Journal of Insect Conservation

, Volume 12, Issue 3–4, pp 371–382 | Cite as

Possible rescue from extinction: transfer of a rare New Zealand tusked weta to islands in the Mercury group

  • Ian A. N. Stringer
  • Rob Chappell
Original Paper


The rare Mercury Islands tusked weta, Motuweta isolata (Orthoptera: Anostostomatidae), a large flightless insect originally confined to 13 ha Middle Island in the Mercury Islands, New Zealand, was last seen there in January 2001. Half-grown or larger insects from a captive-breeding programme were released onto nearby Red Mercury Island (34 ♀, 16 ♂) and Double Island (65 ♀, 19 ♂) in 2000 and 2001 to reduce the potential for accidental extinction. Most (108) were released under individual artificial cover objects (ACOs)—clear Perspex discs under plastic plant-pot saucers—and 26 were placed in artificial holes in soil. Usually <10% were found again under ACOs for up to 18 months including 7.5 months as adults. Adults, found in 2005 and 2006, were 1st to 3rd generation island-bred weta (lifespan 1.7–3.2 years). Ongoing monitoring is planned to confirm long-term success. Inbreeding depression is likely so supplementation from Middle Island is required but they may be extinct there. Scraping the soil to expose weta in underground galleries was the best monitoring method. Few were found by searching with lights at night but adults could be located by following other adults equipped with harmonic radar transponders or micro-transmitters.


Relocation Island conservation Monitoring Harmonic radar Radio-tracking 



We are indebted to Graeme Murtagh, Daryl Gwynne and Richard Overwijnk (volunteers); Corinne Watts, Katie Cartner and Chris Winks (Landcare Research Ltd); D. Paul Barrett, Suzanne Bassett, Grant Blackwell, Esta Chappell, Philip Eades, Jens Jorgensen, Matthew Lowe, Melissa Thompson, Mark Fraser and Matthew Wong (Massey University); Katrina Hansen, Maree Hunt, Leigh Marshall, Kahori Nagakawa, Richard Parrish and Greg Sherley (DOC); and Paul A. Barrett (Auckland Zoological Park) for help, often in difficult conditions, with field work. We thank Jens Jorgensen for constructing the predator exclusion cage on Red Mercury Island, Rod Ray (Mercury Seafaris) and Russell Clague (Matarangi Charters) for transport to the island, and Chris Edkins (DOC) for preparing the figures. Many of the methods and ideas originated during discussions with other members of the Tusked Weta Recovery Group—Avi Holzapfel, Chris Green, Chris Smuts-Kennedy, Jason Roxburgh (DOC) and Chris Winks—and we thank them for their contributions and support. We thank Mary McIntyre (University of Otago) for providing unpublished information and advice on tusked weta; and George Gibbs, Chris Green, Ian Mclean, Nicola Nelson and Lisa Sinclair for helpful criticism of the text. Financial support was provided by DOC (Investigation Number 3124) and Massey University.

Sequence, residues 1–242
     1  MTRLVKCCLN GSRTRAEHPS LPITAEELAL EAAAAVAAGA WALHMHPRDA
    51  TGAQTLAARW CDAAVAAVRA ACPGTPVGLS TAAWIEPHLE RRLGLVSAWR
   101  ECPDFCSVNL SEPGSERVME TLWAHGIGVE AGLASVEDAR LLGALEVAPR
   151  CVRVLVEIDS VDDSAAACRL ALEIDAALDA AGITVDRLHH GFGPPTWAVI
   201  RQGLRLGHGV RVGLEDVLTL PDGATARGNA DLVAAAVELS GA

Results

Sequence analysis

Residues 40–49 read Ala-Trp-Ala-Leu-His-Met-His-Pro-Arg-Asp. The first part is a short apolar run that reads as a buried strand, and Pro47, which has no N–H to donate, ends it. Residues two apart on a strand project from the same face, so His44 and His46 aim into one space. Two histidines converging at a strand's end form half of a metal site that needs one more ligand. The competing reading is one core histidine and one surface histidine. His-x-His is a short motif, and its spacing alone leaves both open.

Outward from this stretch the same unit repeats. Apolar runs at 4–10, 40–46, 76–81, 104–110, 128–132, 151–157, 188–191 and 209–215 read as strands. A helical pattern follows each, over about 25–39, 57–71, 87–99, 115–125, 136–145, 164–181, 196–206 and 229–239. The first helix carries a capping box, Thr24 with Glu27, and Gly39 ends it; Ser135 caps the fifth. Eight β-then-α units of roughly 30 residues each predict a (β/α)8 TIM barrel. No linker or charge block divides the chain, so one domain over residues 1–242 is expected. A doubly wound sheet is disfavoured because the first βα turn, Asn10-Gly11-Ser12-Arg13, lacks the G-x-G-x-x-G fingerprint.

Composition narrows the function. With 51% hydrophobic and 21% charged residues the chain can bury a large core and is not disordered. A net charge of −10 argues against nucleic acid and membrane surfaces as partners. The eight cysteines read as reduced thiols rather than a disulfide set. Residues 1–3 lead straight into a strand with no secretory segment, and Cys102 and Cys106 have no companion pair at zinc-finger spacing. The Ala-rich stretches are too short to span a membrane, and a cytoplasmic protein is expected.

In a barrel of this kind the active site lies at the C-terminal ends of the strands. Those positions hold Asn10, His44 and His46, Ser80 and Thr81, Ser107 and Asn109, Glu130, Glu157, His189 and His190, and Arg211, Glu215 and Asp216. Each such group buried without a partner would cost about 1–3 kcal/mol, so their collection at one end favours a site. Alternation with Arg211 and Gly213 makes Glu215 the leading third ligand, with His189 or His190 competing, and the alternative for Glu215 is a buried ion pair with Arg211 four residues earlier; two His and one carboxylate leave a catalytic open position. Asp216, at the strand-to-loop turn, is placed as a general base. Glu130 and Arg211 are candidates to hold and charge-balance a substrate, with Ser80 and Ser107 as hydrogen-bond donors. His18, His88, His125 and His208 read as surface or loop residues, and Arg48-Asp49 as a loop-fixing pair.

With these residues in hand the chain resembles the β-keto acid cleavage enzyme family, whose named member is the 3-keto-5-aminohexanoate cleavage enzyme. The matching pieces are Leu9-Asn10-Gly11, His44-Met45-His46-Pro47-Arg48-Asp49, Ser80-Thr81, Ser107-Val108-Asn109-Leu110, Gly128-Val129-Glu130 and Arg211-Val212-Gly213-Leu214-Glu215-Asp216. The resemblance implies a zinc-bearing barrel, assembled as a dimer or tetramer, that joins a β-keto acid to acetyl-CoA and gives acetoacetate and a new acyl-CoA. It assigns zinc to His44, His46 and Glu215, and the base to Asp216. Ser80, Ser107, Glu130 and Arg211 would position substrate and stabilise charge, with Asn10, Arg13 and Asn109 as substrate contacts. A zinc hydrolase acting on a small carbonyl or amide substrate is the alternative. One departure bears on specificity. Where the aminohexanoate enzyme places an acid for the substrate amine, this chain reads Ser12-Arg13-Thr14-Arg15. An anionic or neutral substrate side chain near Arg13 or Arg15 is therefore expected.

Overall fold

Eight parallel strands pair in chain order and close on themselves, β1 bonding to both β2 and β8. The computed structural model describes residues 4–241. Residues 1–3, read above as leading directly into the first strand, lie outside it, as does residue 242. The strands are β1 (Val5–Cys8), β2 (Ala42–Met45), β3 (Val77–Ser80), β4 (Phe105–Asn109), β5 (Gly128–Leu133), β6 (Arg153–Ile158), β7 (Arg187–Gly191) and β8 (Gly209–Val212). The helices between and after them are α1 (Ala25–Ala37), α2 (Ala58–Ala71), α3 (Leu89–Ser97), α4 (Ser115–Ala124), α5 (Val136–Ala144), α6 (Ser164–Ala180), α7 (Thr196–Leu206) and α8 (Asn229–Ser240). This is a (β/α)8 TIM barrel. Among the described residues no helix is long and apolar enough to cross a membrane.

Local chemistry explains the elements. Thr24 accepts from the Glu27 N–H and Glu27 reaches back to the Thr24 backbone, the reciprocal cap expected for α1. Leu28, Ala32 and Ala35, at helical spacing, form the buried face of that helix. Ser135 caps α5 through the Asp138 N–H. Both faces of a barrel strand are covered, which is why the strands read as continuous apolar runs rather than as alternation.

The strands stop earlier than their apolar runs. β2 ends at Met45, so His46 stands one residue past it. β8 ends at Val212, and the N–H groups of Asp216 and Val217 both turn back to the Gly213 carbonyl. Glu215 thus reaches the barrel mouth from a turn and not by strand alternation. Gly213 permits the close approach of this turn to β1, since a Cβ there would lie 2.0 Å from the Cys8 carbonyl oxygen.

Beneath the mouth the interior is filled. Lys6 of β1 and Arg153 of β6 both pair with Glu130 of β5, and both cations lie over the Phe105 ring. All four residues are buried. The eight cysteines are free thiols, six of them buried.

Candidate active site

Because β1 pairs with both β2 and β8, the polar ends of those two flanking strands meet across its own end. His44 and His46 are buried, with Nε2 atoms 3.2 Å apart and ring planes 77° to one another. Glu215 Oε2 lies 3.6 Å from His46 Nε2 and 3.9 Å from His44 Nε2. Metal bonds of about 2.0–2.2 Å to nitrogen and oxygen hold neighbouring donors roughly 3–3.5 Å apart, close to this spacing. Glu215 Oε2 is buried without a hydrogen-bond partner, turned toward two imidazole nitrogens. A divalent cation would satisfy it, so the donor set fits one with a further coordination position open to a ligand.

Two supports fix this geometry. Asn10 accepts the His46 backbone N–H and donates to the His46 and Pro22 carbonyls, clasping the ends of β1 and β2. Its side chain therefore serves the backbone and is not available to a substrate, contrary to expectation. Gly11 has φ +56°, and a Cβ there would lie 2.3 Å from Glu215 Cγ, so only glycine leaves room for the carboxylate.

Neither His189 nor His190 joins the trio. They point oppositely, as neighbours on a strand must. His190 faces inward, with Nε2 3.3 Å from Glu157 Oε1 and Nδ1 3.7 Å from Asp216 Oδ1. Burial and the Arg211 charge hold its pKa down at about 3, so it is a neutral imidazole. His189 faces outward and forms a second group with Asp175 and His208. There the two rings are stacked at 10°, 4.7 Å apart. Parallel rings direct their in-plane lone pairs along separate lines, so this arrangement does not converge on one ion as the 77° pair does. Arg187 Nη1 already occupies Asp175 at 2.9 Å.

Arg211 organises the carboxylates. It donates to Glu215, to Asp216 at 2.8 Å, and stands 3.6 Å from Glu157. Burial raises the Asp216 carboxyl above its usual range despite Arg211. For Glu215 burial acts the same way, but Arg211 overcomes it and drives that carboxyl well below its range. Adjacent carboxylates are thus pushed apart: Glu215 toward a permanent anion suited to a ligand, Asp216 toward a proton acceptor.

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Copyright information

© Springer Science+Business Media B.V. 2008

Authors and Affiliations

  1. 1.Department of ConservationWellingtonNew Zealand
  2. 2.Department of ConservationCoromandelNew Zealand

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